Yes, we're in a movie about a movie, which Almodóvar addresses with his usual strengths -- zest, humor and sharp visual beauty -- as well as his weaknesses, including the failure to acknowledge the gravity of his subject. He presents Bad Education as noir, but the material knows better, persisting in emotional depth despite the stylized trappings. Bad Education begins as comedy, morphs into drama and only belatedly introduces the noir requisites of subterfuge, cunning and death -- none of which, by that time, is necessary or even welcome.
Goded does get his story, but not from the tabloids. Instead, it comes from "Angel" (Gael García Bernal), formerly known as Ignacio, an actor who once attended school with Goded. He shows up with a manuscript for a short story called "The Visit," which tells the tale of the two men as schoolboys falling in love.
Confused? You're supposed to be. Almodóvar delights in further confounding us by dramatizing "The Visit" as Goded reads it for the first time, with Angel in the role of Zahara. By the time Angel (formerly Ignacio) asks for the role of Zahara (formerly Ignacio) and Goded denies him, we have already seen Angel playing it for some time in what looks like a dramatization of the story as it runs in Goded's imagination. Later, we learn that what we have seen is the film that Goded makes.
All of these twists go off with a wicked brand of pleasure. We can feel Almodóvar giving us a hard time, and it's fun to be taken on his twisted ride. Plus, he serves up plenty of sugar to help the medicine go down, including gorgeous music, silly comedy and the sheer physical beauty of his actors. But when the subject turns to pederasty and a slithering priest who delivered a very bad education indeed, it's hard not to cringe. Can Almodóvar handle this material?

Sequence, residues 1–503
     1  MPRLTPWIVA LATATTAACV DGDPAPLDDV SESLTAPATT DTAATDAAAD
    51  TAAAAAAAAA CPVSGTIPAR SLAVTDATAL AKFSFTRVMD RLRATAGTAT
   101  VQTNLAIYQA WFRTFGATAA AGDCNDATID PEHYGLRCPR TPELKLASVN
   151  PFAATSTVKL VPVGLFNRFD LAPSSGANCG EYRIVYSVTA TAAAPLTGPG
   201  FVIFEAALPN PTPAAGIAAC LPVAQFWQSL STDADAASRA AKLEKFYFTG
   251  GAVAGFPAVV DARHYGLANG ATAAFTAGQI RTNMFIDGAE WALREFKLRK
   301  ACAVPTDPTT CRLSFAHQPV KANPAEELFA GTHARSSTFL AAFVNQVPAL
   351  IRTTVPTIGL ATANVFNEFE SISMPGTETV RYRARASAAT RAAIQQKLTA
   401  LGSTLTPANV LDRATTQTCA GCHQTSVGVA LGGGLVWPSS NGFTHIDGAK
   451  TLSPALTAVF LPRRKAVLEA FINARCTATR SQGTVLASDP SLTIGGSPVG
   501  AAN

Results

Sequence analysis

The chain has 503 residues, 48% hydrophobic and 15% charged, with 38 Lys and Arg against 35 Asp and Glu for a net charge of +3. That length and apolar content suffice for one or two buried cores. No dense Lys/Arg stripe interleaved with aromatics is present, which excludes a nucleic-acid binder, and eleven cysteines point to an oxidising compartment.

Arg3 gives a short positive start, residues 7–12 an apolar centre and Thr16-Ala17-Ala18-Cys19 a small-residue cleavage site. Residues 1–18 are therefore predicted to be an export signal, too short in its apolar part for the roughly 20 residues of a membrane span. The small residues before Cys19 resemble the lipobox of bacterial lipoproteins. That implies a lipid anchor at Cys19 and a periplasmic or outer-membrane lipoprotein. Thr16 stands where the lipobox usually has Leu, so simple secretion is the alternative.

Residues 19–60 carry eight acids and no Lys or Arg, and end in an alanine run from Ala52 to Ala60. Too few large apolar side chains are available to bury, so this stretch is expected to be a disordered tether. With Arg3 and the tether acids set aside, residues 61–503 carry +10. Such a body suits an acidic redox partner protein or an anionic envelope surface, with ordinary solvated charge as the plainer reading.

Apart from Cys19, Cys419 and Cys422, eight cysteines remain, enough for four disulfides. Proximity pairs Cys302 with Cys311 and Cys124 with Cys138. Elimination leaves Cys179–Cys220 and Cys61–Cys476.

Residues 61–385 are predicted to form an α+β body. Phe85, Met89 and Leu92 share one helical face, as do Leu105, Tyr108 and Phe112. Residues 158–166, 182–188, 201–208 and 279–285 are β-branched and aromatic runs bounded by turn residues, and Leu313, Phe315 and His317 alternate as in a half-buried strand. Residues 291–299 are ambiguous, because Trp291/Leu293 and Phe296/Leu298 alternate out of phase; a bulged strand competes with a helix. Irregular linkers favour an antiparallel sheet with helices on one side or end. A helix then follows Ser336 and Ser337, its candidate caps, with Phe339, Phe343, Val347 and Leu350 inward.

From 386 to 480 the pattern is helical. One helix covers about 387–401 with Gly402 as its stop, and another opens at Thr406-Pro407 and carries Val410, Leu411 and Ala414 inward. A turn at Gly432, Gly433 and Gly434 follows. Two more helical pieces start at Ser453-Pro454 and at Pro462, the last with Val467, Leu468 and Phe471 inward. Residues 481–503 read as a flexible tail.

Yes and no. The film is surprisingly good with the character of Ignacio. But it is far less kind to Juan, whose artistic and personal ambition are hardly enough to justify his behavior in the latter part of the film. Almodóvar wants to steer his movie toward noir, but if he had stayed with the psychological drama between the two brothers, he'd have had something truly smart, deep and feeling. Instead, the director leaves us with a senseless, mystifying ending.
There is glory in Almodóvar's of fun, laughter in the face of horror. But we have to feel safe in the movie's knowledge of just how terrible the trauma is, and that's where Almodóvar fails. In Bad Education, he seems to admit the difficulty of dealing with abuse, but he doesn't see it through. That's denial, or at least a form of abandonment, and his material deserves better.